As previously reported (Prior Blog Post), last summer the IRS sent letters to taxpayers with virtual currency transactions that potentially failed to report income and pay the resulting tax from those transactions or did not report them properly. Well as the old saying goes, 1 is good, but 2 is better, as this summer the IRS initiates a second wave of letters to cryptocurrency users that suggest they may have misreported their transactions.
The second-wave of warning letters, identified as Letter 6174-A, look similar to the three versions of letters sent to taxpayer’s last summer. A copy of the Letter 6174-A may be found here (Letter 6174-A). These letters summarize general tax rules regarding the tax reporting of various different types of transactions involving cryptocurrency and state, in a not so subtle fashion, that taxpayers who believe they have sinned should repent: “After reviewing the information below, if you believe you didn't accurately report your virtual currency transactions on a federal income tax return, you should file amended returns or delinquent returns if you didn't file a return for one or more taxable years.” The IRS continues that taxpayers who do not repent, be forewarned: “If you do not accurately report your virtual currency transactions, you may be subject to future civil and criminal enforcement activity.”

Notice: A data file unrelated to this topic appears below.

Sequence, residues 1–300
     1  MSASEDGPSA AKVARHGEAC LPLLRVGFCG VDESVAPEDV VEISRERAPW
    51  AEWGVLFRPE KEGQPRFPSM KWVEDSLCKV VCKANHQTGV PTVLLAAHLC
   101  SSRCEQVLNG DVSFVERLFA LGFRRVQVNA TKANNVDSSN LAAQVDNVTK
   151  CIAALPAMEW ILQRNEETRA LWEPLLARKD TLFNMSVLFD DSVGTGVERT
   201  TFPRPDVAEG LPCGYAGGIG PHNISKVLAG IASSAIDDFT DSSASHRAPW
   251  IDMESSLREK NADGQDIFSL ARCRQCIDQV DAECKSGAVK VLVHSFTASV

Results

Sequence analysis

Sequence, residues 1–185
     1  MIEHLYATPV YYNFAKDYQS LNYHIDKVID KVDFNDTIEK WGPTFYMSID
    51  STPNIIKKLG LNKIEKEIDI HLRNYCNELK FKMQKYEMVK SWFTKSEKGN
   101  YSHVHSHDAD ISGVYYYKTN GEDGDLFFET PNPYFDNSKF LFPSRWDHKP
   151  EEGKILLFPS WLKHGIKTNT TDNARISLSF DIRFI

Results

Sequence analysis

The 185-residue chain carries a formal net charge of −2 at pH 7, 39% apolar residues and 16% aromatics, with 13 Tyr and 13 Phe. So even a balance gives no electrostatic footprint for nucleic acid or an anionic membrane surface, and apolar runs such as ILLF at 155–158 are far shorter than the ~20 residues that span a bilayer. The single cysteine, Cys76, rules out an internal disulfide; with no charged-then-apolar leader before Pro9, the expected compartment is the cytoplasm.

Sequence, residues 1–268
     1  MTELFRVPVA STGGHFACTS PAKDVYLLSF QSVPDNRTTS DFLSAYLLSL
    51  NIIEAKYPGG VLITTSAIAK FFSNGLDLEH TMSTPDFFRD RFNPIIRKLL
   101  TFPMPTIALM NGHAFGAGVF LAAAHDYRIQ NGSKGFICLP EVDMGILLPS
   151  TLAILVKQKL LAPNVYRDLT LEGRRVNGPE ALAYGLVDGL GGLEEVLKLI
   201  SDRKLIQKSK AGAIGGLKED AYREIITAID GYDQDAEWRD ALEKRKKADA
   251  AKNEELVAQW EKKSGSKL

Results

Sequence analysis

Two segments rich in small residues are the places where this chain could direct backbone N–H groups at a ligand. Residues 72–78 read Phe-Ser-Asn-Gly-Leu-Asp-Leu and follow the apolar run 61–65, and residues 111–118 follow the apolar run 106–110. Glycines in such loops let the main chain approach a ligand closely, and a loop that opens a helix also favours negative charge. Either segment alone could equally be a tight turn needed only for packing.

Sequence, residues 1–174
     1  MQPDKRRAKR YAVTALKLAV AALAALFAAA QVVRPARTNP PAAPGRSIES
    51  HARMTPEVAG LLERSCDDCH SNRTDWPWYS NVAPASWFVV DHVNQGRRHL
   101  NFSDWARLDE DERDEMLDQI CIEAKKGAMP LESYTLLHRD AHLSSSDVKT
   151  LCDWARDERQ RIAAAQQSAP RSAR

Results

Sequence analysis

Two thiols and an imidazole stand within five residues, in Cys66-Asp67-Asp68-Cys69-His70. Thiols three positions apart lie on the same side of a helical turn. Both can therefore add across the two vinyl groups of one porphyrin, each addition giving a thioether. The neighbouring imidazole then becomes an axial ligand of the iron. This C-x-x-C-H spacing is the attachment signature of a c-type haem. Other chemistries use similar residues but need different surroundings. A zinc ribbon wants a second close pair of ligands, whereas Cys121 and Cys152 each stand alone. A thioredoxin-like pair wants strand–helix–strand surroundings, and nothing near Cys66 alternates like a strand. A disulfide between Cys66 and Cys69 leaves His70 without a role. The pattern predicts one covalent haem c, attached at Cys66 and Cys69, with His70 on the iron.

Of course not mentioned in these IRS warning letters is the reality that the IRS has issued virtually no guidance on the taxation of cryptocurrency transactions, other than (i) a notice in 2014 offering a general tax concept (some, but not all, of crypto is property!) that oversimplified and eschewed significant legal and equitable issues, especially issues arising in the context of crypto-to-crypto exchanges (Notice 2014-21), and (ii) a notice in 2019 that revealed a gross misunderstanding by the IRS of blockchain technology and the workings of hard forks and airdrops (Notice 2019-24). Interestingly this second wave of letters follows the IRS’ recent decision to add a question about virtual currency transactions to the front page of the IRS’s draft of the 2020 Form 1040. Well, who needs rules when you have enforcement.
If you have any other questions about virtual currency or an IRS controversy matter, please do not hesitate to contact me at (214) 749-2464 or email@example.com.